In the early hours of Sunday, February 16, the Usk river at Crickhowell rose rapidly. The fire service rescued people from their homes, and many properties, including businesses, were flooded. The town was cut off from nearby towns for the third time in 18 months. The receding flood waters revealed that the bridge was damaged, which required four nights of repairs to make it safe again. The local community quickly set up a Facebook group to organise the volunteer recovery effort. Dozens of people helped in all kinds of ways: moving damaged furniture into skips, finding alternative accommodation for those whose homes had flooded, donating dehumidifiers, as well as skilled tradespeople like electricians and plumbers giving their time - the list, and the help, goes on.

Storm Dennis brought record amounts of rain that weekend, following Storm Ciara from just a week before. Many other towns in south Wales were flooded, as well as in the Midlands and Yorkshire.

This visualization shows the river levels at Crickhowell for the past three winters. Other rivers in the country have broken records as well, but I wanted to focus on a single measuring station for a single river to get an impression of how the impact of winter storms has been changing for our local community.

Crickhowell flooding

[Click on the image for a larger interactive version.]

The dark blue line shows the maximum recorded level for each day over the last three years. This winter’s storms have clearly caused higher river levels than the previous two winters.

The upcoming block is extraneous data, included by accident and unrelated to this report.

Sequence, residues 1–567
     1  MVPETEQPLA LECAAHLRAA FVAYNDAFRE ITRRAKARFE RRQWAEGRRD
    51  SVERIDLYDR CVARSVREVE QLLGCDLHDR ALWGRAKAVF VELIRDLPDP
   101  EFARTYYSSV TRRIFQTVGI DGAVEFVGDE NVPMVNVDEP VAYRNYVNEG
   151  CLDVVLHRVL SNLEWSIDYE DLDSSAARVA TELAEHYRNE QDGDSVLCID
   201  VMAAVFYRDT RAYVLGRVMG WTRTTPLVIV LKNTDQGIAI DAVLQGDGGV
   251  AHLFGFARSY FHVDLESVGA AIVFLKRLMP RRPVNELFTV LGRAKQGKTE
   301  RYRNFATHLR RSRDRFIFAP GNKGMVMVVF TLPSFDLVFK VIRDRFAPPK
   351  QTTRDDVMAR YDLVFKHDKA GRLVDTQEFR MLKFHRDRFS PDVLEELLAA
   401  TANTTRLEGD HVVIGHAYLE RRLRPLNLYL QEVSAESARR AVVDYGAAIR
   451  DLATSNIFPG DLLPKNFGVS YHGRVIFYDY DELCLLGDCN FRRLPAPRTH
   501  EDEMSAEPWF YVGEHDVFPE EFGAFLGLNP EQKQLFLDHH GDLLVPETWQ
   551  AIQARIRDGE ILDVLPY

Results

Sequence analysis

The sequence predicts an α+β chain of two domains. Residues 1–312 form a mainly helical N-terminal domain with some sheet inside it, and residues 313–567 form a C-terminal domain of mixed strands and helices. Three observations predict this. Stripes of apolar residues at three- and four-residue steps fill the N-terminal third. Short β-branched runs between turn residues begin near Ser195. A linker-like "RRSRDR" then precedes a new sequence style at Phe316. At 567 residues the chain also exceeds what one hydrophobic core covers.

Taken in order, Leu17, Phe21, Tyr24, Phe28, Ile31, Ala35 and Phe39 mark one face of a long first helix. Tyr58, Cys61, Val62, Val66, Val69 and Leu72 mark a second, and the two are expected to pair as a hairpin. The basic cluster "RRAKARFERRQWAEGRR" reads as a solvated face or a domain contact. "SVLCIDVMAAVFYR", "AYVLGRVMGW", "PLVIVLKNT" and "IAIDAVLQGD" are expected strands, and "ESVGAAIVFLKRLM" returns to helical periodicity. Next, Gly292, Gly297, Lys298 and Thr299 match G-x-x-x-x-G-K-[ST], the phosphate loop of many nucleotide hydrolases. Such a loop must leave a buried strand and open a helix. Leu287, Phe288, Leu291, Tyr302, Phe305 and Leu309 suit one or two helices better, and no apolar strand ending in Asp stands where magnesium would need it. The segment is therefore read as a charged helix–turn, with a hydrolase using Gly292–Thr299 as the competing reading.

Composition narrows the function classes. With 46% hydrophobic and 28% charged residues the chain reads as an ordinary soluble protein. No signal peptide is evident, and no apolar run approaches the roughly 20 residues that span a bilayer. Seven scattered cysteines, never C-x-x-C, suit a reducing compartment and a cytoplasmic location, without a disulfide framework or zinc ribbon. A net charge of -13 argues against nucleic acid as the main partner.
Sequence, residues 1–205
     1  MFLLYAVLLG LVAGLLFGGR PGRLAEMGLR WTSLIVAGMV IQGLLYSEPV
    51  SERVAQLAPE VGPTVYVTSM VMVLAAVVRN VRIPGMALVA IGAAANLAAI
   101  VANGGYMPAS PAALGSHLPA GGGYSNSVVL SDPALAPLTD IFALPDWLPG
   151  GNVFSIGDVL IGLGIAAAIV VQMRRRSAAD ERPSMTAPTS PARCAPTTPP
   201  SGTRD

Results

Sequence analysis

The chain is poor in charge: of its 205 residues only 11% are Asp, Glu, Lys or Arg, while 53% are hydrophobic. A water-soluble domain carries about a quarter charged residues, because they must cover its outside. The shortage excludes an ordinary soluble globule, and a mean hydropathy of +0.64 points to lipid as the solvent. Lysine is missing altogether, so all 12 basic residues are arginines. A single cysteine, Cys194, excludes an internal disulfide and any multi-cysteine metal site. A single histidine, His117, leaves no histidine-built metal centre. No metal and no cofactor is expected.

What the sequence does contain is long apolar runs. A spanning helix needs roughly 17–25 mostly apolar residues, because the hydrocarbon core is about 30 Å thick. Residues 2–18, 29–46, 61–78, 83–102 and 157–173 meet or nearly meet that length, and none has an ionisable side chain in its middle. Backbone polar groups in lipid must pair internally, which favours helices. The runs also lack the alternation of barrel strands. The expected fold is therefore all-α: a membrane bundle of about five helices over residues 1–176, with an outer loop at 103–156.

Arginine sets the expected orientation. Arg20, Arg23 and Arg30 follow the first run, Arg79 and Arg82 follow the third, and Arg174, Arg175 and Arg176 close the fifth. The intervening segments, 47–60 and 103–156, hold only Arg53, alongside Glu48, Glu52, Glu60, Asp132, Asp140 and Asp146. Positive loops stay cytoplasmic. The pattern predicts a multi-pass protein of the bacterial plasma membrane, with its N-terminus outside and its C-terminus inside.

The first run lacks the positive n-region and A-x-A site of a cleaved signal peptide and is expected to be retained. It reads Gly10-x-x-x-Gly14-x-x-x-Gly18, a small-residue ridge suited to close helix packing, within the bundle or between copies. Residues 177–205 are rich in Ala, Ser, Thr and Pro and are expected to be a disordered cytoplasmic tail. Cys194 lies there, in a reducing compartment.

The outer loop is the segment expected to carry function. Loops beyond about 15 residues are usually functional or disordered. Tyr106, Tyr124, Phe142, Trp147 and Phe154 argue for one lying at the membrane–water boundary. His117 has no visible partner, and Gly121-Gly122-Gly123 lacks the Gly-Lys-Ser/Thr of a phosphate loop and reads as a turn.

The red dots show the most severe floods that led to roads being closed. You can open the interactive version to find more information about each of these events (photos, newspaper reports, Met Office reports).

The light blue shading shows the minumum levels for each day. These levels have been higher this year too, which means that the river has not recovered as much between storms, making it more susceptible to flooding. (The Usk is actually a fast draining river, and this effect has been much more pronounced on the Severn.)

The light brown vertical lines show the named storms. Some have minimal impact (Hannah), while others are remembered for the flooding - most recently Dennis, but also Callum from October 2018.

The flood of October 2019 didn’t have a named storm associated with it, but it did correspond to a period of “persistent wet weather” according to the Met Office.

During Storm Dennis the gauge measured a maximum level of 4.51 metres, but it was likely higher than this since the gauge stopped working while the river was still rising. So in fact the peak was even more dramatic than this chart shows.

Unfortunately, it is being reported that “Storm Dennis is ‘a taste of things to come’ for Wales”, so we can expect to see more floods here in the future.

Visualization type: line and area chart

Data sources:, CSV, 30 KB; Met Office

Technical notes: generated using d3; code